The film is a teenage revenge drama set against the backdrop of high school shame and exclusion.
take revenge borrow a core idea from Alfred Hitchcockof stranger on the train, and reimagining the plot in a loosely intersecting teenager environment ignorance When john tucker must dieA black comedy that doesn’t really miss an opportunity to take a jibe with a rather bizarre title includes brash New Age characters and hitches, even though its narrative nods to issues like inclusivity, gender bias, and more. There’s a jargon that fuels the vibe of Cook’s noir and teenage angst.
High school life can be terrifying with intrigue, humiliation, and ostracism, and writer-director Jennifer Catin Robinson manages to capture the essence of it through her teenage revenge drama. has explored — especially in films such as Heathers, Cruel Intentions and Mean Girls. Her focus is on setting up tense stories with engaging twists. It succeeds in creating an all-around entertainer that justifies itself.
Robinson and co-writer Celeste Ballard write a twin revenge plan centered around the film’s protagonist, Drea (Camila Mendes) and Eleanor (Maya Hawk). Drea, the popular girl on campus, suddenly becomes a school outcast because of her boyfriend Max (Austin Abrams) leaks her sex tape. There is no evidence that Max did it, so he goes Scott-free. To make matters worse, Drea ends up incurring the ire of the principal (with a fun cameo by former Teenager star Sarah Michelle Gellar) for slapping Max in public out of disgust and anger. Eleanor, on the other hand, has just transferred and is usually an awkward misfit. She is shocked to learn that her former tormentor, Carissa (Ava Capri), is in the same school. Carissa kicked Eleanor out after the two girls spent time together at her summer camp when she was 13, spreading malicious rumors suggesting Eleanor was a sexual predator. was Driven by an urge for revenge, the two girls form a bond despite their different personas. decided to “take revenge” on At Cue, Eleanor infiltrates Max’s circle of playboys in an attempt to expose him. Meanwhile, Drea joins Carissa’s school garden community.
Much of the film’s appeal lies in the characterization of Drea and Eleanor and the buddy bonding chemistry the script portrays for them. Eleanor, a lone wolf, has a pet garden lizard named Oscar-winner Olivia Coleman. Eleanor is scathing with witty explanations when Drea is interested in choosing a pet. The daughter of Hollywood stars Ethan Hawke and Uma Thurman, Maya Hawke has had no trouble bringing the character to life. She gives Drea a sexy edge, making her look as gullible as she is charming. Seeing how the equation between Drea and Eleanor develops and goes beyond their agenda of revenge makes me feel like it might have been a fitting name for this movie.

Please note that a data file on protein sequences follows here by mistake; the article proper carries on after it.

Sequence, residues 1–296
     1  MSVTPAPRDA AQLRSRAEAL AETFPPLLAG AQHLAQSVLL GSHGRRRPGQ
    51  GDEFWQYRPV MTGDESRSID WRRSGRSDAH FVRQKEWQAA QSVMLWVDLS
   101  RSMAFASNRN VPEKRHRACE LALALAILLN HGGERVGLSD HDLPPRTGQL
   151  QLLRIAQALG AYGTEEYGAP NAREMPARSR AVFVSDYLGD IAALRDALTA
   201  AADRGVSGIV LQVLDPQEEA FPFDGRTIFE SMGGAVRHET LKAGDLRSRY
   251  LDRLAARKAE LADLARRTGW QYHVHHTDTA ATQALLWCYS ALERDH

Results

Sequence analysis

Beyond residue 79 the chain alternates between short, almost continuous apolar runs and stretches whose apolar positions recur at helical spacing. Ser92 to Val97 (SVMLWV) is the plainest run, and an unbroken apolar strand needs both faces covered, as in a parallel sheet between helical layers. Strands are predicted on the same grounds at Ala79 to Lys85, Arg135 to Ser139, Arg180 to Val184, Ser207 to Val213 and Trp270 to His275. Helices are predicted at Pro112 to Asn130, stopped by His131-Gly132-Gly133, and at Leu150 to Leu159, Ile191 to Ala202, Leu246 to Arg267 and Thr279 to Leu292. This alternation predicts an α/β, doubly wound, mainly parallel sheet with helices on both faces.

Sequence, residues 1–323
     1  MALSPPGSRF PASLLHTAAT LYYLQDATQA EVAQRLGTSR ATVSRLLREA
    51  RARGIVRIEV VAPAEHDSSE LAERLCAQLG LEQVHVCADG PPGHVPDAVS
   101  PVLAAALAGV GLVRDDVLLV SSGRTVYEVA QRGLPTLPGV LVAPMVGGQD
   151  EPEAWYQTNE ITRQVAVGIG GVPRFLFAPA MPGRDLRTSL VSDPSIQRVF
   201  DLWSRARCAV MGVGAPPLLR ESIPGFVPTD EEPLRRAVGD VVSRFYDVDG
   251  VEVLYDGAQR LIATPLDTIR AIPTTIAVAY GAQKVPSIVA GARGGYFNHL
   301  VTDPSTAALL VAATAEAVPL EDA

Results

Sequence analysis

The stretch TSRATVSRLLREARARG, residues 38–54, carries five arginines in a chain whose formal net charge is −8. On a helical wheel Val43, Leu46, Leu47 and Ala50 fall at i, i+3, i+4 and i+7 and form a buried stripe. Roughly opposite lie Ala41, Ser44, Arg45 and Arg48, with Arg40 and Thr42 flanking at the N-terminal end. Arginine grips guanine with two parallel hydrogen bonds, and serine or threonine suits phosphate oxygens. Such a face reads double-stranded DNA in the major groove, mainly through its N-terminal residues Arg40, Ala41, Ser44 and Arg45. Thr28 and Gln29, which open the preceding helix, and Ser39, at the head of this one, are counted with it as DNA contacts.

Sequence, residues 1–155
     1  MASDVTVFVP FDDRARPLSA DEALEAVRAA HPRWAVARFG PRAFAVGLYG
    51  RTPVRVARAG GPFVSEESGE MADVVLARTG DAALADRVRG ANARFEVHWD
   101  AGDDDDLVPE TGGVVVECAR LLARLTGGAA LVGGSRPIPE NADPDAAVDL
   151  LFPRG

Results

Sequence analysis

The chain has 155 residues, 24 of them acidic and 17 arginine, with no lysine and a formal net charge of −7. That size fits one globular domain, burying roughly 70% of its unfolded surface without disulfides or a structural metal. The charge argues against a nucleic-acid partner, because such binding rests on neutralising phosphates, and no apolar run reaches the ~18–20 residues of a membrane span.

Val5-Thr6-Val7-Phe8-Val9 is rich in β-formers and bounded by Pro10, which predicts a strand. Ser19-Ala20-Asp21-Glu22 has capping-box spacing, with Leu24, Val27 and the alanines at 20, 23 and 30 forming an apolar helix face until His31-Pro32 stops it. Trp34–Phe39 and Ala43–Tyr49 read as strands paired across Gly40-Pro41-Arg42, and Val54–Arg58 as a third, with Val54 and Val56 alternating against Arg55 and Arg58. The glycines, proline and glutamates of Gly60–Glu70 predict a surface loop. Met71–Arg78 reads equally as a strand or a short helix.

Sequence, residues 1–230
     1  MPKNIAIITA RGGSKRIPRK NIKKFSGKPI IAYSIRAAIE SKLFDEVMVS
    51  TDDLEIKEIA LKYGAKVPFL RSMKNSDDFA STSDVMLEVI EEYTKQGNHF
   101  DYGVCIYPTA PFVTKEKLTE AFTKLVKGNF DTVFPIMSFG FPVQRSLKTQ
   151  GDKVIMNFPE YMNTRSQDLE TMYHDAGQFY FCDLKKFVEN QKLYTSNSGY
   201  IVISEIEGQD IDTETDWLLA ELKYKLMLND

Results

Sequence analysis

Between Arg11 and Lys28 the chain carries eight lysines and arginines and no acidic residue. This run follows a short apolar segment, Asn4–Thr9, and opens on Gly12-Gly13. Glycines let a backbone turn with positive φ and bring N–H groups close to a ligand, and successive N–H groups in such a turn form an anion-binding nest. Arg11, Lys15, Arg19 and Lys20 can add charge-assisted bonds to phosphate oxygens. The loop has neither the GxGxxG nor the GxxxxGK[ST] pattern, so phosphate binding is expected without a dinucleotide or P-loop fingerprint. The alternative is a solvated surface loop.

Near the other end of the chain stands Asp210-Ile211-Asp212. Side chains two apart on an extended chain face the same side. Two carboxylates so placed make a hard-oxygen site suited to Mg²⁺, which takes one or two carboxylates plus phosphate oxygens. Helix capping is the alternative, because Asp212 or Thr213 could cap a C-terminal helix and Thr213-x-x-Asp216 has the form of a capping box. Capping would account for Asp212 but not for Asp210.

However, the storyline is more than just a few openable revenge tales. Writers Robinson and Ballard add a sinister twist to nicely complicate things in the final part of the drama, opening up possibilities for deeper context. As the story progresses, we realize there’s not a completely nice guy here, even if the revenge plot starts to get more twisted than it first seemed. As they suggest possible pathos and attempt to provide logic to their actions, things threaten to spiral out of control before Robinson gets the story back on track for a predictable ending.
The success of Robinson and Ballard’s work lies in the humor that balances the vintage Hollywood style of narrating teenage movies with the very contemporary campus culture that they create through their characters. Having worked on the screenplay for Thor: Love And Thunder, Robinson is no stranger to crafting funny lines that convey more than humor. “I’m Frankenstein and you’re Frankenstein’s Bad Her Bitch,” former alpha-her-girl Drea says while grooming Eleanor for her all-important first meeting with Max, an introvert. Talk to Eleanor. Campus favourite, Max, has won nearly every girl he knows twice, even though he’s found a cis-his hetero-male championing a student league that discriminates against women at school. Bravely enough hypocritical. The film continues to have such ironic humor in it, with regular allotments of twists underpinning the suspense.
Robinson’s use of music is interesting. The film’s soundtrack gives space to classic artists such as Hall, Fatboy Slim, Meredith Brooks, Olivia Rodrigo, and Billie Eilish. Music also formed the thematic core of Robinson’s early film, Someone Great, and in Do Revenge, the filmmakers make extensive use of music to define the different moods of the story. ’90s use gels with teenage nostalgia as youths in flashy designer outfits party hard and stroll the campus of posh Miami High School.
However, Robinson’s storytelling has a familiar wart. Almost in sync with her longstanding Hollywood cliché, Drea is gearing up to go to Yale (although she seems a long way from it). Her current and now unrelated relationship she has developed with her classmate Russ (Rish Shah) is too sketchy. For the heroine to be the gorgeous Camila Mendes, she needed a romantic track with a handsome hunk, as if Russ’ character was pushed into the script.
Perhaps writers Robinson and Ballard could have managed with less screen time. otherwise pleasant fare, take revenge Indeed, it looks like we saved at least 20 minutes from the 118 minute run time.
Vinayak Chakraavorty is a critic, columnist and film journalist based in Delhi NCR.
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